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Airport workers in Japan load Covid-19 vaccines into a plane bound for Taiwan earlier this month. Vietnam is set to receive 1 million doses on Wednesday. Photo: Taiwan Economic and Cultural Representative Office in Japan/Handout via Reuters

Coronavirus: can Japan counter China’s vaccine diplomacy with Southeast Asian donations?

  • Wednesday’s shipment of 1 million AstraZeneca doses to Vietnam will be followed by donations to Indonesia, Malaysia, the Philippines and Thailand, Tokyo said
  • Analysts described the move as ‘not purely a power play’ – while noting that Japan had geopolitical concerns and was keen to raise its profile in the region
Japan’s plan to send Covid-19 vaccines to countries across Southeast Asia, starting with a donation of 1 million doses to Vietnam on Wednesday, is at least partly aimed at raising Tokyo’s profile in the region as a counterweight to China, analysts said.
As well as Vietnam, Japan intends to donate vaccines to Indonesia, Malaysia, the Philippines and Thailand next month, Foreign Minister Toshimitsu Motegi said at a press conference on Tuesday, without giving details on how many doses the other four countries would receive.
He said Japan had opted to donate some of its stock of AstraZeneca jabs independently of “an international organisation” such as the World Health Organization’s Covax Facility because “the procedures in getting approval may take time”.
Japan has struck deals for about 120 million doses of the AstraZeneca vaccine, but has not yet recommended that it be administered in the country. Photo: Reuters
Japan has struck deals for about 120 million doses of the AstraZeneca vaccine, 90 million of which are to be produced domestically using undiluted solutions from the US. The Japanese health ministry cleared the vaccine for emergency use last month, but has not yet recommended that it be administered in the country because of concerns over potential side effects such as blood clots.
Wednesday’s donation to Vietnam, where cases have surged in recent weeks, follows on from the 1.24 million AstraZeneca doses Tokyo donated directly to Taiwan earlier this month, as the self-ruled island battled its first major outbreak of the pandemic. Chinese foreign ministry spokesman Wang Wenbin had said Beijing was “firmly against” such a donation when he was asked in May about the prospect of it.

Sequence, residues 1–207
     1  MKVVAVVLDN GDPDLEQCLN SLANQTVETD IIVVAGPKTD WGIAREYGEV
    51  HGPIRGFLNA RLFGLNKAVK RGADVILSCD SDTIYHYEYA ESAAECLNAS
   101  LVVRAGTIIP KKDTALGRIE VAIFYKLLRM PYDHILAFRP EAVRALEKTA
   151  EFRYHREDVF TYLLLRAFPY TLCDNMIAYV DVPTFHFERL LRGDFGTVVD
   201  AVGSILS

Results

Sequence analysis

Hiromi Murakami, a political-science professor at Temple University’s Tokyo campus, said with its planned vaccine donations to Southeast Asian nations “I believe Japan’s motivation is both an effort to help out its friends and neighbours and geopolitical.”


She said the government had opted to sidestep the WHO’s vaccine-sharing initiative as “if Japan had gone through Covax, then it would not have been able to designate where the vaccines went” – a particular problem in the case of Taiwan, which is not listed as a priority destination by the facility.

“[Direct assistance] enabled Japan to get more publicity for helping Taiwan and Taiwanese people were able to express their appreciation for Japan’s generosity,” she said.

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Tokyo has also had to get around a clause in its contract with AstraZeneca that stated the government would indemnify the manufacturer against liability for any health problems caused by the vaccine domestically by covering compensation claims – a responsibility that Taipei and Hanoi have now had to assume, as would other recipients of Japan’s vaccine donations.

Stephen Nagy, an associate professor of international relations at Tokyo’s International Christian University, described the donations as altruistic and “not purely a power play by Japan” – pointing to how Taiwan, in particular, had been one of the largest sources of foreign aid to Japan after the earthquake and tsunami of 2011 “and the people here have not forgotten that”.

Still, he said other factors were also at play – not least “the geopolitical connotations of Taiwan tilting towards China … and the impact that would have on the supply of semiconductors and supply chains”.

Japan does not see [vaccine donations] as an act of altruism on the part of Beijing – and now Tokyo wants to be seen to be providing medical assistance to its allies as well

“Japan, the US and other countries can see how China has been making inroads by supplying the Sinovac vaccine to the Philippines and others, which jeopardises Tokyo’s ability to help them maintain their strategic economies vis-à-vis China,” Nagy said.


“These countries [in Southeast Asia] don’t want to be squeezed between China and the US, and although the Sinovac vaccine has enabled them to reopen their economies much earlier, Japan does not see it as an act of altruism on the part of Beijing – and now Tokyo wants to be seen to be providing medical assistance to its allies as well.”


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Maritime disputes in the South China Sea had also “elevated general distrust” of Beijing in recent years among people in the Philippines and Vietnam, Nagy said, making Tokyo’s offer of help with vaccines likely to be welcomed.

“And I think that as soon as Japan has been able to vaccinate its own population, we will see a major outreach to other nations throughout the region,” he said.